Earlier that year, a British team dropped by parachute suffered heavy casualties against German Gen. Erwin Rommel’s Afrika Korps. This time, the special forces were attempting a surprise ground attack from the desert.
The British force surged into the Tamet airfield and gunned down German and Italian pilots and crew. At least two dozen planes were destroyed or disabled. A fuel depot was set ablaze. A simultaneous British attack was underway at an air base in Sirte.
Both teams slipped back into the desert night, meeting the navigator at a rendezvous point. The successes set in motion a new guerrilla-style campaign in North Africa by a handpicked group of British munition specialists, gunners, crafty scroungers — and a newly minted navigator who may never have fired a shot.
“Nowadays the SAS has a fearsome reputation,” said Mr. Sadler, who died Jan. 4 at 103, “but I don’t remember ever wanting to kill anybody.”
Mr. Sadler was believed to be the last of the founding members of the SAS, or Special Air Service, the special forces unit of the British army. He also was the only surviving link to the Long Range Desert Group, the roaming expeditionary force that helped the Allies win the battle for North Africa.
Mr. Sadler once even had to use his navigation skills to save his own life. He and two British sergeants escaped after their 15-member unit was captured by a German patrol in January 1943. The trio, with little water, trekked 110 miles in five days to reach a Free French garrison. They were turned over to U.S. forces on suspicion of being German spies.
“We had long hair and beards and were looking very bedraggled,” Mr. Sadler recalled. “Our feet were in tatters. I don’t think we looked very much like soldiers.”
A group of reporters, including New Yorker correspondent A.J. Liebling, were with the U.S. forces when Mr. Sadler and the two others arrived in camp. “The eyes of this fellow were round and sky blue and his hair and whiskers were very fair,” Liebling described Mr. Sadler in a New Yorker piece. “His beard began well under his chin, giving him the air of an emaciated and slightly dotty Paul Verlaine,” Liebling added, tossing in a reference to the 19th century French poet.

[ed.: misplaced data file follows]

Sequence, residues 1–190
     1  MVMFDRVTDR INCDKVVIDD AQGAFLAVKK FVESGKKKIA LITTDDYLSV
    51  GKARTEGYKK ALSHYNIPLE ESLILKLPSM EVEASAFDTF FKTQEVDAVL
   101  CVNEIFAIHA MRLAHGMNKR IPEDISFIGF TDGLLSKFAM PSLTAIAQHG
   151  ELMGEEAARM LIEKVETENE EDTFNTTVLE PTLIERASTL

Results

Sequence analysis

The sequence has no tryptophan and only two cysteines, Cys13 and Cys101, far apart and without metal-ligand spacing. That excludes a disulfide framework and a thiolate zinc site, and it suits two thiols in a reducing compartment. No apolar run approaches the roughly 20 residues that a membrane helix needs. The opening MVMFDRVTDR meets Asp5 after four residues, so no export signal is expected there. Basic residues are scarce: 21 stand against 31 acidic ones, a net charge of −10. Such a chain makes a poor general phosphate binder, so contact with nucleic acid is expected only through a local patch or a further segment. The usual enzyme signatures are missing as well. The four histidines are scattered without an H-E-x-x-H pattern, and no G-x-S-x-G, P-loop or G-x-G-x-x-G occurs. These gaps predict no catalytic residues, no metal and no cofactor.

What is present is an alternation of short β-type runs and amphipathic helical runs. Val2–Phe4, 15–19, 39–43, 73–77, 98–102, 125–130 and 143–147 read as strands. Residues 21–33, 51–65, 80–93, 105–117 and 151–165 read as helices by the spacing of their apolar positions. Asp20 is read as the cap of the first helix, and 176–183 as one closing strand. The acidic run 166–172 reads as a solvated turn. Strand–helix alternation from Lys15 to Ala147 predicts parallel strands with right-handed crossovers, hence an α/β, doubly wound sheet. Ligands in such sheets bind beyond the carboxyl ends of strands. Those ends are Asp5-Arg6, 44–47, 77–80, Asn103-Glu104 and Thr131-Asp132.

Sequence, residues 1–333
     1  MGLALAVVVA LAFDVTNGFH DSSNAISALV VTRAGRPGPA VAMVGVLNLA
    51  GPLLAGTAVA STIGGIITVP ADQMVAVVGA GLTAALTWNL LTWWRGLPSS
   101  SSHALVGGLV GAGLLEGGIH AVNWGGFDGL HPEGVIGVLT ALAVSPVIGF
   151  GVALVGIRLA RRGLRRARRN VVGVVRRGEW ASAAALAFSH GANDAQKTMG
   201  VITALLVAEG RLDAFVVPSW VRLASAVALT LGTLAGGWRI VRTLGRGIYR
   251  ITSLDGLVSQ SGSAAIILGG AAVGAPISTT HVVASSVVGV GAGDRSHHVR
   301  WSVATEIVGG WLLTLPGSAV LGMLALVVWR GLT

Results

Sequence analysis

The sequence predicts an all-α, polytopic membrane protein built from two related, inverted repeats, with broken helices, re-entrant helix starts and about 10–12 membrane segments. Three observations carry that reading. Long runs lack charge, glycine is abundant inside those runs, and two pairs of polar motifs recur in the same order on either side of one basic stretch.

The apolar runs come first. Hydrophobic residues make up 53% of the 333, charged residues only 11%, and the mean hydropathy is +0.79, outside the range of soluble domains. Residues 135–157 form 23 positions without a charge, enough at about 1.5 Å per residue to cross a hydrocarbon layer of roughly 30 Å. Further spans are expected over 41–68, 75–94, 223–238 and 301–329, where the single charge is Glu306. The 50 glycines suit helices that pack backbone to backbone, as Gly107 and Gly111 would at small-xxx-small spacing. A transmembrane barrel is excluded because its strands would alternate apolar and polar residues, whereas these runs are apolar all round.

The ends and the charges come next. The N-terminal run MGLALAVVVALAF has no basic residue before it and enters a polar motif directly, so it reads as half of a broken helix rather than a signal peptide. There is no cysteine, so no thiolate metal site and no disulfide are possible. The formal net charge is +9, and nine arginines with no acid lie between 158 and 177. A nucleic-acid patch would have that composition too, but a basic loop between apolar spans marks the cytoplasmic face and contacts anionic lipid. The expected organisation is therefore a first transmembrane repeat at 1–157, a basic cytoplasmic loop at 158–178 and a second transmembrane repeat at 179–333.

An American intelligence officer, who interrogated Mr. Sadler and the two others, carried a bottle of whiskey. “Which was an excellent idea, because they were pretty well done in by that time,” Liebling wrote. “After half an hour, he climbed out and told us that he thought they were all right.”
Mr. Sadler had arrived in North African as an antitank gunner. At a Cairo bar on leave, he met some of the early recruits to the Long Range Desert Group. He was first considered for the unit because of his weapons experience. On the way to the base, Mr. Sadler became fascinated by celestial navigation. He was offered the role as navigator.
He had just weeks to learn how to use a theodolite, a device used by surveyors, and how to read celestial charts.
“Desert navigation, like its equivalent at sea, is largely a matter of mathematics and observation, but the good navigator also relies on art, hunch and instinct,” author Ben Macintyre wrote in “Rogue Heroes” (2016), a nonfiction account of the SAS operations. “Sadler had uncanny, almost unerring ability to know where he was, where he was going, and when he would get there.”
The desert attack group was dubbed L Detachment — a small ruse to give the impression there were detachments A through K. “I was so tickled,” Mr. Sadler told the BBC History Magazine, “by the idea of being able to find where you were by looking at the stars.”